|Abstract: ||According to the Diagnostic and Statistical Manual of Mental Disorders (DSM-V), binge eating disorder (BED) is an eating disorder characterized by repetitive episodes of uncontrolled and excessive food consumption (binge eating), in a short period of time, without the inappropriate
compensatory behaviors for limiting weight gain. BED is a stable condition that is associated with
elevated psychiatric comorbidity, including depression and anxiety.
A large body of evidence supports a contribution of the endocannabinoid system in the modulation
of energy balance by controlling food intake through central and peripheral mechanisms. The cannabinoid CB1 receptor is abundantly expressed in the central nervous system and induces inhibition of neurotransmission through modulation of presynaptic neurotransmitter release. CB1
receptors inverse agonists inhibit food intake through both central and peripheral mechanisms while, in contrast, cannabinoid agonists stimulate food intake in humans and induce beneficial effects in acquired immune deficiency syndrome related to anorexia, suggesting altered
endocannabinoid neurotransmission in anorectic conditions. A possible involvement of the endocannabinoid system in the pathogenesis of BED and other eating disorders has recently been supported by independent experimental evidence. Elevated plasma levels of anandamide were found in women affected by AN and BED. Moreover, anandamide levels were inversely correlated with plasma leptin concentrations.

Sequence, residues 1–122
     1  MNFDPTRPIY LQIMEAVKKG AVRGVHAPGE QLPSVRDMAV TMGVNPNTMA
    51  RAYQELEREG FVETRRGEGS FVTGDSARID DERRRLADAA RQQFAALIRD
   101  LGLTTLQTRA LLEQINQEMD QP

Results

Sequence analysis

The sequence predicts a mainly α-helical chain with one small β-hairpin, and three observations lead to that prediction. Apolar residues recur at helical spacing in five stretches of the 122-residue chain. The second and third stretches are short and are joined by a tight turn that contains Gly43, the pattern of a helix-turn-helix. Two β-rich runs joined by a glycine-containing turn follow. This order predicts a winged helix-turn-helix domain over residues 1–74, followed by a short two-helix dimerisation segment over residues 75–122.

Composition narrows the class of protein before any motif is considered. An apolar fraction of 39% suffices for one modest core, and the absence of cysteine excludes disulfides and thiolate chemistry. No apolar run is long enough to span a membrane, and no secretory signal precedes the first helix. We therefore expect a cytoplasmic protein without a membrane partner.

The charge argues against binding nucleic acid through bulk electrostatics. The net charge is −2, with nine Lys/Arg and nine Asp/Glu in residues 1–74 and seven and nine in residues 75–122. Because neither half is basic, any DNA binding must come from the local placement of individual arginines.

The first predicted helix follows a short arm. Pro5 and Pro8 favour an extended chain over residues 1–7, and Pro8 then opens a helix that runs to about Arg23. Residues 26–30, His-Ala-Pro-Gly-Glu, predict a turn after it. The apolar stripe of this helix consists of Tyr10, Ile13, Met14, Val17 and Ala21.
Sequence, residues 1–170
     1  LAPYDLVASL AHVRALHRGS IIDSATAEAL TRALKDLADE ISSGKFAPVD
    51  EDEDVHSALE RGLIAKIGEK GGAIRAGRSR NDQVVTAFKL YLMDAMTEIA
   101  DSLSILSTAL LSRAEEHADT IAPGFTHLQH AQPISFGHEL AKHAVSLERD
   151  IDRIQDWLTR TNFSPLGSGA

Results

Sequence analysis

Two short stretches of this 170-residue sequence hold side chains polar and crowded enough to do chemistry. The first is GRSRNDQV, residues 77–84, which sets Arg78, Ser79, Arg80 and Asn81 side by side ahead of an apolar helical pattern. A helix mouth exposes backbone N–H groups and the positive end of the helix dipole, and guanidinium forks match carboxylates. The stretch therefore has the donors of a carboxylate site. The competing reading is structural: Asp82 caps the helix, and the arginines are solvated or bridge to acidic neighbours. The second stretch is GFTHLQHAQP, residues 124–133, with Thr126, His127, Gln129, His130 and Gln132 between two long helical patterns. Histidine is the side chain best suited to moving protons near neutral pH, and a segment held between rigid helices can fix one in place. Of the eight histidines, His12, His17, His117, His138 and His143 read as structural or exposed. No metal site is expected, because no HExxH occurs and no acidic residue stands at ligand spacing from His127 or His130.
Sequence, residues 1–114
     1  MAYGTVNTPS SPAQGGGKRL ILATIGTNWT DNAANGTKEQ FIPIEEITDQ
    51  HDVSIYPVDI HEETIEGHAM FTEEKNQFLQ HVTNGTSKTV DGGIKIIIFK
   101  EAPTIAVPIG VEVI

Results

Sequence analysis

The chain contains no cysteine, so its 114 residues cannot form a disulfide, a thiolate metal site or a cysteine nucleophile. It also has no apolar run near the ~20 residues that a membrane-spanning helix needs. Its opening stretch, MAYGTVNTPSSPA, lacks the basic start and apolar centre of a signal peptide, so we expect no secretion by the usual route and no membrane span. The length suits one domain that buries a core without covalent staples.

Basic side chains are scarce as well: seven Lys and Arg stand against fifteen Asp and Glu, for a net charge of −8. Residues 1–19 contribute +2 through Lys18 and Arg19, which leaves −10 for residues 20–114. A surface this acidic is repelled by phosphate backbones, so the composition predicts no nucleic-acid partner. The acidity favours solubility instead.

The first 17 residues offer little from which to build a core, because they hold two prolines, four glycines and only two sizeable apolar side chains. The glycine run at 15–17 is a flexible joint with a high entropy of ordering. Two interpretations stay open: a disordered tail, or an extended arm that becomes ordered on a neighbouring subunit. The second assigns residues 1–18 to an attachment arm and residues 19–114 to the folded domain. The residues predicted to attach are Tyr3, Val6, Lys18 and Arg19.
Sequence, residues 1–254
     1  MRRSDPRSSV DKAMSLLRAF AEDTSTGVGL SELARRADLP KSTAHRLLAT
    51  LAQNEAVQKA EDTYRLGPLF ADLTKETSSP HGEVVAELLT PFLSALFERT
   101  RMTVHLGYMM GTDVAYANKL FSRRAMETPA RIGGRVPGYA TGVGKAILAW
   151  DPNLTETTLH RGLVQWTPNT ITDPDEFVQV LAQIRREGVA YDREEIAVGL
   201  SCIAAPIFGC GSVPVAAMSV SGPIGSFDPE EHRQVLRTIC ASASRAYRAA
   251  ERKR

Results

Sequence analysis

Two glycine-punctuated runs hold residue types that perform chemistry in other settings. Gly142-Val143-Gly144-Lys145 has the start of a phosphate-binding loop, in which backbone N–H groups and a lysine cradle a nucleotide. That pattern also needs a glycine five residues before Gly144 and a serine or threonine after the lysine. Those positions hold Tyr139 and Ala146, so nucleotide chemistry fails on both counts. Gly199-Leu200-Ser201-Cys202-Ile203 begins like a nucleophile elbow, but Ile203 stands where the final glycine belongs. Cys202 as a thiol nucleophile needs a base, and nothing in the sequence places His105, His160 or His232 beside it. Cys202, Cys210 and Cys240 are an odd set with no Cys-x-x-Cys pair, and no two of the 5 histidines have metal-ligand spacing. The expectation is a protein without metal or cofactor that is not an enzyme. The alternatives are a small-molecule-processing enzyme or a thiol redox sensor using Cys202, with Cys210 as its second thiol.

On the basis of these evidence, the aim of this thesis was to study whether and which elements of the endocannabinoid system might be correlated with the binge eating behavior, which brain areas are specifically involved, and if pharmacological treatments specific for the endocannabinoid
system (i.e. agonists, antagonists, inverse agonists of cannabinoid receptors, inhibitors of endocannabinoid metabolisms) are be able, besides to modify the state of BED induced in laboratory animals, to restore a correct functionality of the endocannabinoid system.
Furthermore an analysis of the behavioral profile of animals with BED has been evaluated before
the start of drug treatment by means of different mazes in which is possible to study anxiety and depression.
Binge eating behavior was induced in animals by giving them a sporadic (3 days/week) and limited (2h) access to a high fat diet (margarine) in addition to a continuous access to chow and water. In these animals, the intake of margarine becomes significantly greater than in animals with limited
daily access to margarine and remains stable over prolonged periods of time. As revealed by forced swim test, animals with binge eating behavior did not show a depressive like behavior compared to control animals. However, using the elevated plus maze, an anxiety like behavior was highlighted in those animals before access to margarine (Pre - binge phase) that it was significantly reduced after
the consumption of this palatable food (Post - binge phase). Results showed that an increase of the
endocannabinoid signaling by CB1 agonists or by inhibitors of endocannabinoid metabolism did not modify the binge eating behavior presents in our animals. On the contrary, a decrease of the endocannabinoid signaling by CB1 receptors inverse agonist/antagonist rimonabant, was able to
alter this behavior when given chronically. As regards the CB1 receptor density, no difference has been highlighted between animals showing binge eating behavior and control group. In conclusion, negative modulation of the endocannabinoid signal may represent an important strategy in the treatment of Binge Eating Disorder.|